City Council considers making Pullman a welcoming city

Chief Jenkins awards Grant Porter and Allison Schomburg with the Lifesaving Award Tuesday night. 

TYLER WATSON, Evergreen reporter

Medals were presented and tempers flared in a small crowded room in City Hall during Tuesday’s Pullman City Council meeting.

The council introduced a proposal to pronounce the City of Pullman a welcoming city for immigrants and honored three students for their bravery.

A welcoming city, which is different from a sanctuary city, demonstrates the city’s emphasis on inclusion and zero tolerance for discrimination, but Pullman would still comply with Immigration and Customs Enforcement (ICE) and federal laws. A sanctuary city instead means law enforcement would not comply with ICE.

“We’re not saying a sanctuary city, we are saying a welcoming city,” Mayor Glenn Johnson said in response to concerns about illegal immigrants within city limits.

Johnson said Pullman has grown and prospered from diversity, and the City Council wants to reaffirm their welcoming commitment to residents and visitors regardless of their country of origin.

“Words are wind,” Grady Matthew Kramer Wright, who is not a citizen of Pullman but spoke at the meeting, said. “Merely saying we are a welcoming city is not enough.”

Caralina Silva, a Ukrainian citizen and third-year doctorate student whose brother was deported by ICE in 2011, spoke in favor of the resolution as a representative of the Crimson Group, an undocumented student group at WSU.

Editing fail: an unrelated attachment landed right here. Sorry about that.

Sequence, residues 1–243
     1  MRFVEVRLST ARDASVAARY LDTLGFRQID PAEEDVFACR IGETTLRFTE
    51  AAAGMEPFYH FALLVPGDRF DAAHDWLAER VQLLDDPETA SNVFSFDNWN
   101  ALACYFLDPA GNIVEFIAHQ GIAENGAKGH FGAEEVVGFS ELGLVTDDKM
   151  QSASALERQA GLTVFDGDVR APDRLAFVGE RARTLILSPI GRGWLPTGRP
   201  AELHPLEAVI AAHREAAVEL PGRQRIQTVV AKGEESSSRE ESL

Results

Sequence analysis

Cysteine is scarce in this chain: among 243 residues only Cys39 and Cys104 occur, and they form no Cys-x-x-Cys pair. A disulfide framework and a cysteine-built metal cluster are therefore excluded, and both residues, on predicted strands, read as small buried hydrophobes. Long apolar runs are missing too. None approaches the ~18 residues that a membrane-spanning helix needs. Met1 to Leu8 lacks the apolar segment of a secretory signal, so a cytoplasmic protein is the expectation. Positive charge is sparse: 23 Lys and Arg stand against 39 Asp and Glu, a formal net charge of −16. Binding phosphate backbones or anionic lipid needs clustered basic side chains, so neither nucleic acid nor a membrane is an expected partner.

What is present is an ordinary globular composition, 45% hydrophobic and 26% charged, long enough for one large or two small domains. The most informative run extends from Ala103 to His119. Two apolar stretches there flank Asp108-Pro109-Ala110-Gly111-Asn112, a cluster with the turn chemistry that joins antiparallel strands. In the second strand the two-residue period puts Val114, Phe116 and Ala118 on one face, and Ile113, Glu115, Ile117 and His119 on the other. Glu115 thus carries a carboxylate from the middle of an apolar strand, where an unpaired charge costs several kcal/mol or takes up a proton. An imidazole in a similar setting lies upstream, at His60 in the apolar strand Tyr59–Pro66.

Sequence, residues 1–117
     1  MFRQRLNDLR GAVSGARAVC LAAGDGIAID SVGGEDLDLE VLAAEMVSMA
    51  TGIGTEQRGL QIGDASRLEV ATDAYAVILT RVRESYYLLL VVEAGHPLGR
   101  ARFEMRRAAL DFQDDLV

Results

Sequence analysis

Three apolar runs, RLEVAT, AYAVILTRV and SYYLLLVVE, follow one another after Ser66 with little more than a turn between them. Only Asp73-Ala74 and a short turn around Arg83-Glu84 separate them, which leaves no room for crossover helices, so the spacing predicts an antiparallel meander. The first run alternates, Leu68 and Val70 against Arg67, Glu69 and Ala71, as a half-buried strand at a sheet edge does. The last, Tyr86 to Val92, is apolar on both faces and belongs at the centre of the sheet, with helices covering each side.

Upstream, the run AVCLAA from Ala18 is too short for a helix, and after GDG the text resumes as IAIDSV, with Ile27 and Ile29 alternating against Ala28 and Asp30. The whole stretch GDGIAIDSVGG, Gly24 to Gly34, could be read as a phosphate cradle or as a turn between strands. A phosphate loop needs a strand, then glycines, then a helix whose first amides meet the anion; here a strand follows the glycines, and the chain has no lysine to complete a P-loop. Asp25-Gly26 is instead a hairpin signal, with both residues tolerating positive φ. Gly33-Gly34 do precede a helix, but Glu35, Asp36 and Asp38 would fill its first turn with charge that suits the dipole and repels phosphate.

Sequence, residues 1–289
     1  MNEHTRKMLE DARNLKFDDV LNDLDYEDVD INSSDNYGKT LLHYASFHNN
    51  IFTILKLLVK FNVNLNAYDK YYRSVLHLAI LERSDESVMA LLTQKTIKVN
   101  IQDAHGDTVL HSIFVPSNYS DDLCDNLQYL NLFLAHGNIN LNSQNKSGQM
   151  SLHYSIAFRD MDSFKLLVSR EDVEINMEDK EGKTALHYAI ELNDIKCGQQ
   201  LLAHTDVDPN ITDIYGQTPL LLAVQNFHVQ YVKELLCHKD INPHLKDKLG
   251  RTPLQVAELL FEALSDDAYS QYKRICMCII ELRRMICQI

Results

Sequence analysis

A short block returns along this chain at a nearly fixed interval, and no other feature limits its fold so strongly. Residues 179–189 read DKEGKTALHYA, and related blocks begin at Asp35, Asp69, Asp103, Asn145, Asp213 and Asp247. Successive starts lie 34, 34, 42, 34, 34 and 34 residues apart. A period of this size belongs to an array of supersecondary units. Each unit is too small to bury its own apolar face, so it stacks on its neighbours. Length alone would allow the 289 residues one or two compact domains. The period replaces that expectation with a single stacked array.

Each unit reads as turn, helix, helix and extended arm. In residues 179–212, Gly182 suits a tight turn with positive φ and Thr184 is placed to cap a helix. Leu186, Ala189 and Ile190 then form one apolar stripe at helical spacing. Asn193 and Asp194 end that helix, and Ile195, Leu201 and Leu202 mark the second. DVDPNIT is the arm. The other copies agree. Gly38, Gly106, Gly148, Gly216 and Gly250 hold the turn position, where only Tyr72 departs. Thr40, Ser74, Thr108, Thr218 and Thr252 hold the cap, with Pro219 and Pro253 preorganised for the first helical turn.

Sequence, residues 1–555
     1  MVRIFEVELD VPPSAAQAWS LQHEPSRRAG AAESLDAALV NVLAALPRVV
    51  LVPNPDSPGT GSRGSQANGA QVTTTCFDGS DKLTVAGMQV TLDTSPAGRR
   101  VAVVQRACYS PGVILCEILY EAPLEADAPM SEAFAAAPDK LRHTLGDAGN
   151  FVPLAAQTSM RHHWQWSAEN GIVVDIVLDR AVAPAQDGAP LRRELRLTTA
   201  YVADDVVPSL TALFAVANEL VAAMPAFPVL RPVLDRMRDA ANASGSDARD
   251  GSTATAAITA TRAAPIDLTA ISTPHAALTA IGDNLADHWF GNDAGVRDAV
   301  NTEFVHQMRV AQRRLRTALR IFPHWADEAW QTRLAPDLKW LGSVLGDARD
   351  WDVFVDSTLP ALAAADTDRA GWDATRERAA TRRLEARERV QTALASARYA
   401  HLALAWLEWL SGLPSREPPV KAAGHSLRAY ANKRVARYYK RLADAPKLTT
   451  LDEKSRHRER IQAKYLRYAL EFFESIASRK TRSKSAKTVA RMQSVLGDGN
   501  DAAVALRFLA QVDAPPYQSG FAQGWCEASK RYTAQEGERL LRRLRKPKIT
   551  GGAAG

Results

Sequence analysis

“I have every bit of right as everyone in this room to feel protected by my local law enforcement,” Silva said. “I’m a human being, and I have every right to report crimes and not feel threatened on a day-to-day basis.”

The proposal still needs to be voted on and was only up for discussion Tuesday night.

Pullman Police Chief Gary Jenkins presented the first award of Outstanding Citizen to Kaycee Faber. The award recognizes a private citizen who substantially assists the Pullman Police Department or contributes to the department in an extraordinary manner, Jenkins said.

KEISHA BROKAW | The Daily Evergreen
Pullman Police Chief Gary Jenkins awards Kaycee Faber the Outstanding Citizen award at Tuesday night’s city council meeting.

“The actions of Kaycee Faber not only served to protect herself,” Jenkins said, “but also removed from our community a person who presents a danger to the public and would likely have assaulted others less capable of defending themselves.”

A man followed Faber home just after midnight on May 5 and forced his way into her apartment, where he attempted to strangle her. Faber fought the man off and pushed him out of the door before calling 911. The Pullman Police were able to find the suspect, who Faber positively identified, shortly after her call. The suspect, Juan Alejandro Mendoz Ortiz, is currently awaiting trial in Whitman County Jail for first-degree burglary and second degree assault, Jenkins said.

KEISHA BROKAW | The Daily Evergreen
Audience members listen to speakers at the Pullman City Council meeting Tuesday night.

Jenkins then presented the Lifesaving Award to WSU freshman wide receiver Grant Porter and University of Idaho student Allison Schomburg. The award recognizes individuals for actions which result in the preservation of a human life, Jenkins said, and it is the same medal given to police officers. The two students intervened when they saw a 24-year-old man standing on a chair with a rope around his neck under a basketball hoop just after midnight on May 10, Jenkins said. They called the Pullman Police and waited with the man, potentially preventing a suicide.

“At a time when many people just don’t want to get involved, Grant and Allison got involved,” Jenkins said, “and their actions saved a life.”

Correction: Grady Matthew Kramer Wright’s name was misspelled.